nicholas.pescod@nanaimobulletin.com 
Like us on Facebook and follow us on Twitter and Instagram

 

Get local stories you won't find anywhere else right to your inbox.
Sign up here

Just Posted

Nanaimo bluesman David Gogo releases his new single, Christine, on Oct. 30. (Photo courtesy Andrew Dodd)
Nanaimo bluesman David Gogo evokes return to good times with new single

Upcoming release ‘Christine’ among a dozen new songs written during pandemic

Premier John Horgan heads to his ride following his announcement that there will be a fall election as he speaks during a press conference in Langford in September. (Chad Hipolito/Canadian Press)
Editorial: Majority needs to work for all British Columbians

Concepts of co-operation change as we go from an NDP minority to a majority

Nanaimo RCMP are looking for a suspect who rammed a police car to escape an arrest attempt. (File photo)
Drug trafficking suspect rams police vehicle in Nanaimo and escapes arrest

Suspect still at large after fleeing from police in Harewood on Friday afternoon

Dr. Richard Stanwick, Island Health chief medical health officer, immunizes Victoria Schmid, Island Health’s vice-president of pandemic planning. (Submitted photo)
Island Health advising people to get a flu shot

People looking to get vaccinated should book an appointment, says Island Health

FILE – Provincial Health Officer Dr. Bonnie Henry provides the latest update on the COVID-19 pandemic in the province during a press conference in the press theatre at Legislature in Victoria, B.C., on Thursday, October 22, 2020. THE CANADIAN PRESS/Chad Hipolito
B.C. shatters COVID-19 records with 817 weekend cases; masks now expected indoors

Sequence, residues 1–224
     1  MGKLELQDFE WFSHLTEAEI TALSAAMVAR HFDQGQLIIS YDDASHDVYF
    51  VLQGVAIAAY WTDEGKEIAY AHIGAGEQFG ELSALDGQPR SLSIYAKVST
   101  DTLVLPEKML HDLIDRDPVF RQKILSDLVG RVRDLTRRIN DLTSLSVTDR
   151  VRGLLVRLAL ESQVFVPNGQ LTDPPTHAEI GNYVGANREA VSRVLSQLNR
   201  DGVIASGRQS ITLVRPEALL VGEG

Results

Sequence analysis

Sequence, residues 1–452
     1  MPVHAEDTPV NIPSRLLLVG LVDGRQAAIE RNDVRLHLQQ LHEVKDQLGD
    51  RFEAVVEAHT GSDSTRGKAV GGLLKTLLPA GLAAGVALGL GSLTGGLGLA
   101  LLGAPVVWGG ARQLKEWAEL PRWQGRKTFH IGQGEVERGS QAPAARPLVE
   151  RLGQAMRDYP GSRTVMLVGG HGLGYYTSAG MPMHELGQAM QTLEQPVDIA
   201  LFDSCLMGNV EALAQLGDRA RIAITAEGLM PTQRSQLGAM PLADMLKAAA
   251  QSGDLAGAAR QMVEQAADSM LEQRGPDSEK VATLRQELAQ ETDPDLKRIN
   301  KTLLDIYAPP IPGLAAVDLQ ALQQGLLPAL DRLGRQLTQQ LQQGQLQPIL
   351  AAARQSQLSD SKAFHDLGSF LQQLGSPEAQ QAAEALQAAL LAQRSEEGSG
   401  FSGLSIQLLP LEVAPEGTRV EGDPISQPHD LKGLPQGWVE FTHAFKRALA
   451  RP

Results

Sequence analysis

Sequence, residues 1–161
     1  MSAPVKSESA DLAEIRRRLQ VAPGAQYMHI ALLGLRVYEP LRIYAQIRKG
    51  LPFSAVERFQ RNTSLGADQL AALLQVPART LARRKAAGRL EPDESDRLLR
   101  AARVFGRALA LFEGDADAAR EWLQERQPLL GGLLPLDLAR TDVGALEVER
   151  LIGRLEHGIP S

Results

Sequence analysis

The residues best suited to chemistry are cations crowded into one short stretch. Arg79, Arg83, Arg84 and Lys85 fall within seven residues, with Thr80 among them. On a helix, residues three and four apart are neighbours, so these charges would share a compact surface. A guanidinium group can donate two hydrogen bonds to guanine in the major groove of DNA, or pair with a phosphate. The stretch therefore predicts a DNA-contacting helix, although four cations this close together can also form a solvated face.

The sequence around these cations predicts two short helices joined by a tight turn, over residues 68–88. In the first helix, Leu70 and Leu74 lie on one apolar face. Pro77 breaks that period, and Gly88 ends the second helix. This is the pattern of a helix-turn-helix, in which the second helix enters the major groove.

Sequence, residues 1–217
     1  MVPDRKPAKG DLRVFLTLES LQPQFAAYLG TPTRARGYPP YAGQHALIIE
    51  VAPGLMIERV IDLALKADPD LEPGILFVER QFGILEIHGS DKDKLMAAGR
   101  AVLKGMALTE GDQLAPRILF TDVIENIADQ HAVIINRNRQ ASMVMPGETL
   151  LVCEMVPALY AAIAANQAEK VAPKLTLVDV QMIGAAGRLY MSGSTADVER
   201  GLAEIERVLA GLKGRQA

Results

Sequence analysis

Three people have died over the past three reporting periods

RCMP have released more details regarding what led up to an arrest caught on video in Williams Lake Sunday, Oct. 26. (Facebook video screenshot)
Review launched after ‘high-risk, multi-jurisdictional’ chase, arrest in Williams Lake

RCMP launching a full review and code of conduct investigation

Freighter drags anchor towards Boulder Point Oct. 22. It came within 730 metres of the shore, according to maps from the Port of Nanaimo. (Photo submitted)
MacGregor introduces bill to address freighter anchorages along the South Coast

Concerns about the environment, noise, pollution and safety abundant

(Pxfuel)
B.C. limits events in private homes to household, plus ‘safe six’ amid COVID-19 surge

Henry issued a public health order limiting private gatherings to one household, plus a group of ‘safe six’ only

B.C. Liberal Leader Andrew Wilkinson speaks during a drive-in car rally campaign stop at a tour bus operator, in Delta, Saturday, Oct. 17, 2020. THE CANADIAN PRESS/Darryl Dyck
Andrew Wilkinson stepping down as B.C. Liberal leader

Will stay on until the next party leader is chosen

Harvesters participating in the extended commercial halibut season will need to land their catch in either Prince Rupert (pictured), Vancouver, or Port Hardy by Dec. 14. (File photo)
B.C.’s commercial halibut season extended three weeks

COVID-19 market disruptions at the root of DFO’s decision

Campbell River's new hospital, July 2018
Nurse diverts opiates and falsifies records at Campbell River Hospital

Nurse facing disciplinary action for moving opiates out of the hospital

VicPD and B.C. Conservation Officer Service teamed up to free two bucks who were entangled in a fishing net and dragging a wheelbarrow sized piece of driftwood behind them. (VicPD)
VIDEO: Police, B.C. Conservation help two bucks caught in one fishing net

Bucks were also dragging a wheelbarrow sized piece of driftwood behind them

Most Read